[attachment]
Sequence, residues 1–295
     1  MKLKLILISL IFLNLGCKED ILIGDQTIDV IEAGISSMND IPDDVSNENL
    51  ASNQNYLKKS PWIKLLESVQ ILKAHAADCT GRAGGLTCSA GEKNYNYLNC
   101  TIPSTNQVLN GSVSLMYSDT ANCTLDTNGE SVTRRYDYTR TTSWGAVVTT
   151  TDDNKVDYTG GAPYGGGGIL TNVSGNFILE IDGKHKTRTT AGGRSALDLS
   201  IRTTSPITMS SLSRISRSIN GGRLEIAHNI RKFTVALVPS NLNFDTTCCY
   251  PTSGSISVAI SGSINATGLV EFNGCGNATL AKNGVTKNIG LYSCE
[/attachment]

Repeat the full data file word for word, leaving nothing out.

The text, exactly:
Sequence, residues 1–295
     1  MKLKLILISL IFLNLGCKED ILIGDQTIDV IEAGISSMND IPDDVSNENL
    51  ASNQNYLKKS PWIKLLESVQ ILKAHAADCT GRAGGLTCSA GEKNYNYLNC
   101  TIPSTNQVLN GSVSLMYSDT ANCTLDTNGE SVTRRYDYTR TTSWGAVVTT
   151  TDDNKVDYTG GAPYGGGGIL TNVSGNFILE IDGKHKTRTT AGGRSALDLS
   201  IRTTSPITMS SLSRISRSIN GGRLEIAHNI RKFTVALVPS NLNFDTTCCY
   251  PTSGSISVAI SGSINATGLV EFNGCGNATL AKNGVTKNIG LYSCE